Contemporary debates concerning transgender people focus on whether gender is purely a social construct or whether gender has biological constraints

In his book The Gene: An Intimate History, physician and oncologist, Siddhartha Mukherjee, says:

“It is now clear that genes are vastly more influential than virtually any other force in shaping sex identity and gender identity—although in limited circumstances a few attributes of gender can be learned through cultural, social, and hormonal reprogramming.”

Even if opponents take umbrage at that statement, upon closer inspection, they can only do so as a matter of degree. What else could be the case? Could gender and gender expression be a wholly socially and culturally confected con? No, not even in a purely theoretical sense. Are we to believe that culture and society simply apperated?

It is obvious that gender and gender expression developed from a complex calculus of the environment, humans’ interactions with it, and our interactions with each other. Culture and society are, at least in part, products of our biology. It logically follows therefore that gender expression must be substantially biologically determined, too, which is confirmed by the very research that serves to validate the similarities between cisgender children and their self-identified transgender counterparts. Gender dysphoria is a biological condition and, as such, must be treated and researched with the same cogency and respect for evidence as any other scientific endeavour.

Gender dysphoria is a biological condition and, as such, must be treated and researched with the same cogency and respect for evidence as any other scientific endeavour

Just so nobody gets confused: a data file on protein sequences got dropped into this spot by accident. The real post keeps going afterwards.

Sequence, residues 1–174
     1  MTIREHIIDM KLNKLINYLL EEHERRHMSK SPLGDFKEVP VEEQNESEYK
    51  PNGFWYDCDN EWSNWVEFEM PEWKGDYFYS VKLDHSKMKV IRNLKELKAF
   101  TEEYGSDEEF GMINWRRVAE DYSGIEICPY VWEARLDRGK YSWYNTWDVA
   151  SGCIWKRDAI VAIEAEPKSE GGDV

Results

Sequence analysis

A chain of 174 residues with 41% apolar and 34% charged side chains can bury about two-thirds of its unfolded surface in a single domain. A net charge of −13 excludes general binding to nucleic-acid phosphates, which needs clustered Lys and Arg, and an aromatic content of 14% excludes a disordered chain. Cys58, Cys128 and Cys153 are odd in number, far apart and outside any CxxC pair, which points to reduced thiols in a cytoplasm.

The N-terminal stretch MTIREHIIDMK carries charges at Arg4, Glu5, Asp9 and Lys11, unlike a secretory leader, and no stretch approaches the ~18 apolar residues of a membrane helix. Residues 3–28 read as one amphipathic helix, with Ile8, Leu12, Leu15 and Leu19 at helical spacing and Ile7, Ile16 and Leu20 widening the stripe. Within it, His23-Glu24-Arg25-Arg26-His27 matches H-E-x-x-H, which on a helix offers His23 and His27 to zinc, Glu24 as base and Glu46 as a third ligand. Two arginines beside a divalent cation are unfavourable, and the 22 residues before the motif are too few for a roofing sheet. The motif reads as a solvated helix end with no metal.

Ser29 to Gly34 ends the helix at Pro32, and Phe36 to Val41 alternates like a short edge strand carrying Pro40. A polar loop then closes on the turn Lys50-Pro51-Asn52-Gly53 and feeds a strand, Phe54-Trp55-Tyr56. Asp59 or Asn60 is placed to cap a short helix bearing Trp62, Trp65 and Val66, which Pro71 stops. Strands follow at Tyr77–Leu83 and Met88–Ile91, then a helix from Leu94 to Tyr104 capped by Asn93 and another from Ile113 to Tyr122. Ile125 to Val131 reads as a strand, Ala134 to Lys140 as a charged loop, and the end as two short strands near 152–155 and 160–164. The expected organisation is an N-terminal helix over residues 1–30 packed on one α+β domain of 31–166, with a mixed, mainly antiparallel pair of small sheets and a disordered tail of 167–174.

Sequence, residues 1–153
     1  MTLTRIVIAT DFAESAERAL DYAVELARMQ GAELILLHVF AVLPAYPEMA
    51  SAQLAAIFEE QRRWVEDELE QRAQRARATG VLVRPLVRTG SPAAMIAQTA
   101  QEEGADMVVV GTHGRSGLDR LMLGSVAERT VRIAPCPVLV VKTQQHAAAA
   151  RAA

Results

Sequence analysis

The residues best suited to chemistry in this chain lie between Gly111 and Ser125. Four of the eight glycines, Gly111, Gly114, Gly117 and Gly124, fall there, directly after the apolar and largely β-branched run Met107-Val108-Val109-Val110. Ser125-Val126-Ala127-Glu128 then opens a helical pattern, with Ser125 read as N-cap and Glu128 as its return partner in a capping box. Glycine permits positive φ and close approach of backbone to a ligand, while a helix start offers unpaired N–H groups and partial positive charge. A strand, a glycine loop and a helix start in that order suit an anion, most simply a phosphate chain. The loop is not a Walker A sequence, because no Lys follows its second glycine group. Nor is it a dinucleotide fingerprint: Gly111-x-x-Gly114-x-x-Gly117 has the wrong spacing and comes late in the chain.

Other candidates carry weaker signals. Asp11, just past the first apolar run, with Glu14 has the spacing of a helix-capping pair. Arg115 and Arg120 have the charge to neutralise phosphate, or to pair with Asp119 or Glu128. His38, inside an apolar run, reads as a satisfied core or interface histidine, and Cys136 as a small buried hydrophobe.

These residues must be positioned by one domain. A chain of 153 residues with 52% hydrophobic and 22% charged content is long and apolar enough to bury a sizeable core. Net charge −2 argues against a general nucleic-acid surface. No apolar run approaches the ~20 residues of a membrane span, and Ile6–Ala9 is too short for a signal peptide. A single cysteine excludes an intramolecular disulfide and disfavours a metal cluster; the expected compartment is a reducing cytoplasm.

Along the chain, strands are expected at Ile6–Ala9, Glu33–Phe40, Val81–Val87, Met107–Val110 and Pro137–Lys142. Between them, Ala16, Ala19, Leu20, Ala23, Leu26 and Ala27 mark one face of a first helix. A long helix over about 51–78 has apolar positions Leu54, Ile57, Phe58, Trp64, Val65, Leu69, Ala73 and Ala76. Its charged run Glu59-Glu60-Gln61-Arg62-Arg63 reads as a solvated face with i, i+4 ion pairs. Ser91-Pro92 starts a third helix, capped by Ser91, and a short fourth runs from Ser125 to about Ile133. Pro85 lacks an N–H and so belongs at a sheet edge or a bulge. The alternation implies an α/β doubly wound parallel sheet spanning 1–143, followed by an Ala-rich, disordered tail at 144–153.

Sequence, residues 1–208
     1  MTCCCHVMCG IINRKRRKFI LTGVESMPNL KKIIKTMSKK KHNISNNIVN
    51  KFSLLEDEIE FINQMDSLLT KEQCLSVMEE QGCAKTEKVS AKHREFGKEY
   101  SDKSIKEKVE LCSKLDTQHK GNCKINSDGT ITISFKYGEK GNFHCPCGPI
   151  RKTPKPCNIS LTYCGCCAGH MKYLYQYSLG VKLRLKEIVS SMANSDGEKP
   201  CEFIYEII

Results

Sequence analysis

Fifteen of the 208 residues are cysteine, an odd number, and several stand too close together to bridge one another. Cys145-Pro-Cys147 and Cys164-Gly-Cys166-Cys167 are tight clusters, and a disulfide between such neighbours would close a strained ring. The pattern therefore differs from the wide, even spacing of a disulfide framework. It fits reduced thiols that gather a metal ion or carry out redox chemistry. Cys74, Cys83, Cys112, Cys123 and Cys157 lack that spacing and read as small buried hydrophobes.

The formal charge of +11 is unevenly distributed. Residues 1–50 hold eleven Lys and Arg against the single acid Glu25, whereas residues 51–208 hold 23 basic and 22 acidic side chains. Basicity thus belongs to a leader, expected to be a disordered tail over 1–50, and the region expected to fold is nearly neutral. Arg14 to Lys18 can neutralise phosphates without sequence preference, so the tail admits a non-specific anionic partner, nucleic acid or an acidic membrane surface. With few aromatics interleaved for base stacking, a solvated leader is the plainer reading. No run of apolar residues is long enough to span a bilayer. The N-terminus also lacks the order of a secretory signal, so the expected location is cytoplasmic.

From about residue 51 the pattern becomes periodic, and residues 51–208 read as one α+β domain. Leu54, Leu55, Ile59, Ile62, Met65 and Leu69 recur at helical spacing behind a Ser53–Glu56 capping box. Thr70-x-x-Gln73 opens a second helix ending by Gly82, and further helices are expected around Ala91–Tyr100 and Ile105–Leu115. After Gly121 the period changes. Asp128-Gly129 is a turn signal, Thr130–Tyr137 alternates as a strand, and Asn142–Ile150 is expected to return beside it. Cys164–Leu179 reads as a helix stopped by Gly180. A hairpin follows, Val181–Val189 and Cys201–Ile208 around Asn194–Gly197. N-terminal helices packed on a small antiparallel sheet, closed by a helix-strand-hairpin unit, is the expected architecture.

Increasing the opacity of the subject further is the fact that there are different types of gender dysphoria, which is not something most people know and is definitely not something that activists point out. I do not propose to canvas these presently (you can refer to this excellent blog by Michael Bailey, PhD for a full dissection), but the fact that there is significant variation in the types of gender dysphoria that occur should give you pause, if only for the reason that they can and should be treated differently.

This cuts against the one-size-fits-all narrative that we receive from the usual suspects in the media. Testosterone injections, a double mastectomy, and genital surgery are life-changing events that should not be undertaken lightly. But how can they be given any gravity if the mere questioning of them is met with a hail of abuse and vitriol? The fact is there are children whose parents think they are transgender but turn out to be cis; and there are adolescents who think they are trans, but the passage of time reveals a transient, common, and natural anxiety over pubescent biological and psychological change. The phenomenon of de-transitioning is real and must be taken into account when considering permanent changes to one’s body and people who point this out aren’t bigoted. When such an enormous change is involved, measured reflection and counselling are imperatives.

The only answer to the complex, multi-faceted issue of gender dysphoria that must at all costs and without apology be resisted is the one that advocates for wide-ranging, invasive, and permanent alteration to the bodies of young, especially adolescent, transgender people. There is a grotesque asymmetry between the research that has been conducted on the effects of gender reassignment surgery and hormone replacement therapy, and the certainty with which these solutions are proffered by certain sections of the community. Their conviction is even more lamentable when the fact of de-transitioning is accounted for. The least society can do for transgender people is advocate for evidence-based interventions, not an ideologically motivated travesty.

Tom Adamson

Writer and lawyer based in Australia. Areas of interest include politics, philosophy and science.

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Tom Adamson

One thought on “Does This Put The Transgender Debate to Rest?

  • July 2, 2018 at 4:29 am

    A touchy topic but you dissect it fairly and present a reasonable argument of better understanding before rushing to conclusions that might irreversibly affect personal livelihoods